Partners HealthCare System reached a potential deal on its hospitals' ongoing financial operations that would allow it to acquire South Shore Hospital and the two hospitals operated by Hallmark Health, according to the Boston Globe.
Under the agreement with Massachusetts Attorney General Martha Coakley, Partners would curb how much it charges for medical services and bar it from obtaining additional physician groups and hospitals for a period of time under a standstill provision.
The agreement, if it comes to fruition, would end years of investigations by state regulators regarding the not-for-profit hospital chain's business practices. The U.S. Department of Justice has kept Partners under scrutiny since 2010, and the deal now on the table is considered a "conduct remedy," according to the Globe.
Partners is the largest hospital system in New England. It recently announced a $425 million bond sale to expand internally, and may even offer its own insurance coverage to patients in order to keep them within its own network of providers.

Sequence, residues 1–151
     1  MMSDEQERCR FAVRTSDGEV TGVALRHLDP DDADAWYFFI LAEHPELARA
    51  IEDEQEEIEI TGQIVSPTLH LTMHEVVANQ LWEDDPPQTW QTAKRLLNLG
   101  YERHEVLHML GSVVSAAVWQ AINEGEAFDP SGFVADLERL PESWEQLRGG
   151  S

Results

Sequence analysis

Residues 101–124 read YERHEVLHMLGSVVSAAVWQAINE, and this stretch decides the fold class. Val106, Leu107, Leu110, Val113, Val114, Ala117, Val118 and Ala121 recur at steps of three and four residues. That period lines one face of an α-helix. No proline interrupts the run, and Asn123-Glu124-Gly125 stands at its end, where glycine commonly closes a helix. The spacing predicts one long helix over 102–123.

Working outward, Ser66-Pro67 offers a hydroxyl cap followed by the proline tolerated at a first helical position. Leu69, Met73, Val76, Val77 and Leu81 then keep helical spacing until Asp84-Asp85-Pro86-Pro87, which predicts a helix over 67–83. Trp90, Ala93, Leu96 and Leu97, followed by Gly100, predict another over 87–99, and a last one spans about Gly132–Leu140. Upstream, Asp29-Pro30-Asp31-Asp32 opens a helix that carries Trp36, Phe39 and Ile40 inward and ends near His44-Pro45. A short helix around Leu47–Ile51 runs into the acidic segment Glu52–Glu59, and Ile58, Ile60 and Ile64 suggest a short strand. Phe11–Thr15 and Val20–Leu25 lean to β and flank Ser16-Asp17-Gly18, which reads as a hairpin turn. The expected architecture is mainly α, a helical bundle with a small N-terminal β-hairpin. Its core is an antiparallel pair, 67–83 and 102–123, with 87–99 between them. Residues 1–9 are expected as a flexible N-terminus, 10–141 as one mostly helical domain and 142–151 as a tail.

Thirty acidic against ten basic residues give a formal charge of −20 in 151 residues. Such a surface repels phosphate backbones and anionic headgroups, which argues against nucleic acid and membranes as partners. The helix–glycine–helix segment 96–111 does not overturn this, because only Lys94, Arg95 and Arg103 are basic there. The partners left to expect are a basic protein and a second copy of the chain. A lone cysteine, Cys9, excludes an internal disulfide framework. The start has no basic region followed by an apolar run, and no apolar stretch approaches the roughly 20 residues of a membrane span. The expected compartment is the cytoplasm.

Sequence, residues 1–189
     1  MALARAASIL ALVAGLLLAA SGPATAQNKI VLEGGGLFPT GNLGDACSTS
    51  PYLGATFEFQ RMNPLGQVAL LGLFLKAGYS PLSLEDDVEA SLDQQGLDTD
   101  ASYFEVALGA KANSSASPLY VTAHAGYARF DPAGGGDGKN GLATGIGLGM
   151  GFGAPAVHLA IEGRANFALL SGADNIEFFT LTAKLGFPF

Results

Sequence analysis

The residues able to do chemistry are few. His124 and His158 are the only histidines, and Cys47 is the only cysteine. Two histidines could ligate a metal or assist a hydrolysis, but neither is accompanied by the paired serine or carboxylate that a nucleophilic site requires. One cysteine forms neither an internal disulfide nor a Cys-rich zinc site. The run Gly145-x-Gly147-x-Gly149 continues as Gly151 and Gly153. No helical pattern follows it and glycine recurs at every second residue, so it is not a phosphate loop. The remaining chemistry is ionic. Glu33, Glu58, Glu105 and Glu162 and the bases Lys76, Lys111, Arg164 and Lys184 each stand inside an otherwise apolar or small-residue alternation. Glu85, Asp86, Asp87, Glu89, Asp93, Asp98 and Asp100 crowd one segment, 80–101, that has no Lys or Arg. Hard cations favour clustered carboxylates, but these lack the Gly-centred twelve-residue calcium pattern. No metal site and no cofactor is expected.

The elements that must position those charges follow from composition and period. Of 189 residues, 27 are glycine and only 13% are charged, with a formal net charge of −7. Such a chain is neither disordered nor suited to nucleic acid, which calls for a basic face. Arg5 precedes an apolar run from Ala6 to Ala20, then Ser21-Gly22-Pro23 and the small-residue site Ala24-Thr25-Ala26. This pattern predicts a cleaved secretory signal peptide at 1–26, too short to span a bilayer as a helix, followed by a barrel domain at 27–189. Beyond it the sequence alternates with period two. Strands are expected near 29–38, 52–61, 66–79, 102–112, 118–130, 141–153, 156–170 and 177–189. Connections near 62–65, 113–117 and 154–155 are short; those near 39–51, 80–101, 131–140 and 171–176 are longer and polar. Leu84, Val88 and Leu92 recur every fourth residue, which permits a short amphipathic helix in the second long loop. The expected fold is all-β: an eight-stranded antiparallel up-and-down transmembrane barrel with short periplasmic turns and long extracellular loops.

The terms include tying Partners' price increases to the annual rate of inflation, which is currently less than 2 percent per year, according to the article. Partners would also agree to negotiate different rates for its hospitals with payers, rather than insisting that its community facilities receive the higher rates of its teaching facilities, such as those affiliated with Harvard University School of Medicine. Partners would also agree to close scrutiny by the state attorney general for as long as the next decade.
The South Shore deal was previously rejected by the Massachusetts Health Policy Commission, saying it would drive up prices--something the agreement would address.
"It strikes me as a very fair approach and a very smart approach," Marc Bard, president of the healthcare consulting firm MB2, told the Globe. "The AG's office is saying they want to limit the risks around cost and forming a monopoly but recognize the benefits of a very high-quality hospital system bringing services to a community that could benefit from it."
But Alan Sager, an outspoken Boston University professor of health policy, called such a settlement a "functional compromise" that is political in nature. "If we're relying on competition to hold down healthcare costs, the more competitors the better," he told the Globe. "The harm to the public will accrue more slowly under this deal, but the harm will occur."
To learn more:
- read the Boston Globe article